Students get 'green' lesson from Frerichs

By: Paige Maul

By: Paige Maul

By: Paige Maul

By: Paige Maul

OAKWOOD – After viewing a documentary film about global warming, 88 students in Cammie Richter's eighth-grade social studies class at Oakwood Junior High School took their teacher's advice and wrote their local legislators – never thinking they might actually get a response.

Richter's class viewed former Vice President Al Gore's Academy Award-nominated documentary about global warming, "An Inconvenient Truth," during a geography unit that included climate change.

"Some of them were really getting upset about the fact that the polar bears were drowning and the borders of the United States might be shrunken, like in Florida and some other parts of the world, so we wrote letters to politicians," Richter said.

Richter said about 40 of her students wrote to state Sen. Mike Frerichs, D-Gifford, and others wrote to Democratic U.S. Sen. Barack Obama, state Rep. Bill Black, R-Danville, and Congressman Tim Johnson, R-Urbana.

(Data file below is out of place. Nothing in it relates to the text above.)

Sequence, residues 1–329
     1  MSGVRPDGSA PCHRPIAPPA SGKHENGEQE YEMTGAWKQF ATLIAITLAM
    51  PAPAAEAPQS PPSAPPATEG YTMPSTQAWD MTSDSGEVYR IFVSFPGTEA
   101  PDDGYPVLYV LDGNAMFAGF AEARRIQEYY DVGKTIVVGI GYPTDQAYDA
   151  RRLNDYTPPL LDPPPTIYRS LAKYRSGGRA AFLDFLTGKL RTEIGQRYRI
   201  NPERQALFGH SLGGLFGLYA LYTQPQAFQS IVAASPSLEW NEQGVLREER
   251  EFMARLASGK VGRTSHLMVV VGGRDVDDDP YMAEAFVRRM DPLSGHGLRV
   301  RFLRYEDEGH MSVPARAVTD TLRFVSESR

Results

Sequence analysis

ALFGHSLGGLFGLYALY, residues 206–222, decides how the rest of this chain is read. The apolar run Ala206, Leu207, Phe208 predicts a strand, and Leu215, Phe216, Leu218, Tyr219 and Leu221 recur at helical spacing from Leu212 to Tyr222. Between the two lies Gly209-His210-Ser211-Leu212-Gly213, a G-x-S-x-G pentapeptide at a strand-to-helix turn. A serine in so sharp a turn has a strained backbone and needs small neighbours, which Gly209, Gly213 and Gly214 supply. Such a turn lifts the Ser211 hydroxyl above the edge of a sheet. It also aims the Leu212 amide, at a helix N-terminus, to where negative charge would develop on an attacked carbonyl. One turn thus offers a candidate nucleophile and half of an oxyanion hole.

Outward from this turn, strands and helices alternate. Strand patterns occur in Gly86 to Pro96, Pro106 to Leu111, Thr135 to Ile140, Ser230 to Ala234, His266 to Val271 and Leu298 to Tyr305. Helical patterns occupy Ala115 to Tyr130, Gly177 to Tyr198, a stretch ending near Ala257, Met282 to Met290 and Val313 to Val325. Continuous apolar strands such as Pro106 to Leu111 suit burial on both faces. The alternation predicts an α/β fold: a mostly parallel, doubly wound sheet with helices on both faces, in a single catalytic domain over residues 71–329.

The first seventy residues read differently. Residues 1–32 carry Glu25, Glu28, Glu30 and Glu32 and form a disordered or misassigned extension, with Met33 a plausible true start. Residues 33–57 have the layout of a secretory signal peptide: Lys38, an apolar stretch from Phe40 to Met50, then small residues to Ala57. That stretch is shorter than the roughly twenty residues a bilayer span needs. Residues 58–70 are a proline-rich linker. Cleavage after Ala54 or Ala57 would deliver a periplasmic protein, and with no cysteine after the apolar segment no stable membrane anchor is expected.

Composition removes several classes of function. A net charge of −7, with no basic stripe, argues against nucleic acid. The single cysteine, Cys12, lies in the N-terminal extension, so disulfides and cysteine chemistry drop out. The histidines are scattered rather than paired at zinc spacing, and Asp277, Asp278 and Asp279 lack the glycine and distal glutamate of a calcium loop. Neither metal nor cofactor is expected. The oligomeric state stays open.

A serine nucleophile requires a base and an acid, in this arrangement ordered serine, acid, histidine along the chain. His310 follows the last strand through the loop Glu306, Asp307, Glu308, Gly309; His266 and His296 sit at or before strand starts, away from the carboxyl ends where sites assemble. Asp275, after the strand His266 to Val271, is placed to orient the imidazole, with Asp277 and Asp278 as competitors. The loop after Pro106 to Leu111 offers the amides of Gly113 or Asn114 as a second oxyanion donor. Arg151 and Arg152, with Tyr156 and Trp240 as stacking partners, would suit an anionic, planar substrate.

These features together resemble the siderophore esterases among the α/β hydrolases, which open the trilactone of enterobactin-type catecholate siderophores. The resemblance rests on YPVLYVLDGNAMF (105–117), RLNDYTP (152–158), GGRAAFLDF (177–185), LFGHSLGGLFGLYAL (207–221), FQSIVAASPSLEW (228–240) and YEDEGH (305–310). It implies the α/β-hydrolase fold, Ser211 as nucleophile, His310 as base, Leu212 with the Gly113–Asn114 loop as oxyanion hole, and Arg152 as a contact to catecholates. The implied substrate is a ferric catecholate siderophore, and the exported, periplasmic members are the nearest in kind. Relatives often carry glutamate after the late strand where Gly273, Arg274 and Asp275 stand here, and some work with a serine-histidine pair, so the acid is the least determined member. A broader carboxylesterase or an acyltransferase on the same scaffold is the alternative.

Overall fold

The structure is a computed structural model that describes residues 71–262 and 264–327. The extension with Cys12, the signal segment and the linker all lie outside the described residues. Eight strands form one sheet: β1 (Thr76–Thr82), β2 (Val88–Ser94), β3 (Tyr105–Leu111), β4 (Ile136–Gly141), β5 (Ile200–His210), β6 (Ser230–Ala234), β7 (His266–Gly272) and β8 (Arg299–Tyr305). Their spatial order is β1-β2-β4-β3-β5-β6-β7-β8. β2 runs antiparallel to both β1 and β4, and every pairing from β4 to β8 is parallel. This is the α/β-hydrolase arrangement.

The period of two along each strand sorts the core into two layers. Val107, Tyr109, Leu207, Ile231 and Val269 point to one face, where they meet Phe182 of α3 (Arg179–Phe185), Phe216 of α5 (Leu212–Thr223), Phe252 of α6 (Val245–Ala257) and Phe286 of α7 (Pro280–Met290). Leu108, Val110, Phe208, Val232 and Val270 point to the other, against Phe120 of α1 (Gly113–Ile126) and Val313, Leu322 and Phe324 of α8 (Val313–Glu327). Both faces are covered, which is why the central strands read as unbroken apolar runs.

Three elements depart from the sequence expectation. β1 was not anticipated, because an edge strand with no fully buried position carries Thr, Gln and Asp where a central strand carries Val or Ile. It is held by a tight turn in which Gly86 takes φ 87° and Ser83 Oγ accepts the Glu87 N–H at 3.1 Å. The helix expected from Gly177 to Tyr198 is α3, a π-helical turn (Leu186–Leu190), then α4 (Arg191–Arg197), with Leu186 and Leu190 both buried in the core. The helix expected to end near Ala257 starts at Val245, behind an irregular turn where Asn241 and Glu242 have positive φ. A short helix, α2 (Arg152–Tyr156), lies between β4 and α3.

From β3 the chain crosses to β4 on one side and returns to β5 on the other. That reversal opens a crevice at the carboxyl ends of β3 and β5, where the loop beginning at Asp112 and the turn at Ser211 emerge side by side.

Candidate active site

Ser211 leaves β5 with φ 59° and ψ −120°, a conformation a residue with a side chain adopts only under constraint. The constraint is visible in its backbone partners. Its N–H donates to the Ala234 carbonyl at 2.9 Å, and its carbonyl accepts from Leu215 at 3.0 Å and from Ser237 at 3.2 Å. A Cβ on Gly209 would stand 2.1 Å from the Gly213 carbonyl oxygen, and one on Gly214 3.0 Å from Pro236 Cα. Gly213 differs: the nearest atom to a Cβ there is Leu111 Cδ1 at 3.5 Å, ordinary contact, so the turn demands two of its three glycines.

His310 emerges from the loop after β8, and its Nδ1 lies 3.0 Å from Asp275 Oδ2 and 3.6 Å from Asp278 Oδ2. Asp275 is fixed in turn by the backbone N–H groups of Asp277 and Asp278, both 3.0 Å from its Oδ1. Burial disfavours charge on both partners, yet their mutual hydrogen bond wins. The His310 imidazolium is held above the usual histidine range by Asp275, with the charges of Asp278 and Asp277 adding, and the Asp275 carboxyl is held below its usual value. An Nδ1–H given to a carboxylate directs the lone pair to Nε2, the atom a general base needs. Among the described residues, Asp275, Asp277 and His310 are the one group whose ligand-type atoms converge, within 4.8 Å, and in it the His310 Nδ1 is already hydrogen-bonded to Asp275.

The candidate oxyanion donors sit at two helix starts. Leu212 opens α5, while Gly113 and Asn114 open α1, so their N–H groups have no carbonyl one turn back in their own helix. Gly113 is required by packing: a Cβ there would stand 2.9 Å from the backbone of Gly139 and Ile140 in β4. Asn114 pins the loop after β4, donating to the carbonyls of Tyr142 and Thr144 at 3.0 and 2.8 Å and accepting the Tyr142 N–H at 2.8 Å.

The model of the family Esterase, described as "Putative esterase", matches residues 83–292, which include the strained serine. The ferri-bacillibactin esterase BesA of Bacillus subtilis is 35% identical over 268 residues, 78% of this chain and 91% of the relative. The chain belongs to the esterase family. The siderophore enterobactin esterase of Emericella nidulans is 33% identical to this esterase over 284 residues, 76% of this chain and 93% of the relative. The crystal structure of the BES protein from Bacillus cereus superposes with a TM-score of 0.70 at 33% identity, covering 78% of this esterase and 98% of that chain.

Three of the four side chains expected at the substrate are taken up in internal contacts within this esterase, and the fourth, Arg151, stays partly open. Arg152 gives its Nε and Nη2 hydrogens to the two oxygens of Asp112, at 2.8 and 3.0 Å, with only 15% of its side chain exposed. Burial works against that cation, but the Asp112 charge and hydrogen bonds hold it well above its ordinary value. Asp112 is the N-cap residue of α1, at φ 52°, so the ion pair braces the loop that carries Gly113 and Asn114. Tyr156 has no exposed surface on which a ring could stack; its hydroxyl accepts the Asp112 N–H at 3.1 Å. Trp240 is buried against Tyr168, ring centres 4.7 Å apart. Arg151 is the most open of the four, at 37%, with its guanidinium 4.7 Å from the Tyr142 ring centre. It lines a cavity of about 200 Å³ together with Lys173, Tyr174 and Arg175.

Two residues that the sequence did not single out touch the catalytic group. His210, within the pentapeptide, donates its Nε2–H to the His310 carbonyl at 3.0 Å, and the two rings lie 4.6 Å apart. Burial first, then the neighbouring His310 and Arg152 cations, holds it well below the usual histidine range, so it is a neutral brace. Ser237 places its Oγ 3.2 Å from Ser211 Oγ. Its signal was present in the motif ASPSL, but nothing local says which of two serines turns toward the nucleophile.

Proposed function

Richter said some of her students were cynical about sending the letters. She said the students thought no politician would respond because they were just students at a small junior high school in rural Illinois.

Frerichs responded to the students' letters by coming to their school on Thursday and speaking to the seventh- and eighth-grade classes about global warming and what the students can do to prevent it. The students also received a response from Black.

"I wanted to come here today because I was really impressed you took time to write your state senator about an issue that is important to you and that is going to be important to you for many years to come," Frerichs said.

Frerichs told the students he too came from a small town, and when he was in junior high the environment was a big issue for him. He said rather than giving up, he turned to his high school's environmental club and helped start a school recycling program and ensured his school used more efficient lighting.

"It obviously didn't save the world, but I hope it helped out in some small way," Frerichs said.

Frerichs said he hopes the Oakwood students will make a few changes in their lives that help reduce greenhouse gas emissions and that they will be more involved in the political process when they get older.

"The students will be voters in a few years, and I think they will remember him,"Richter said.

Sections (1):Living
Categories (3):News, Education, Environment

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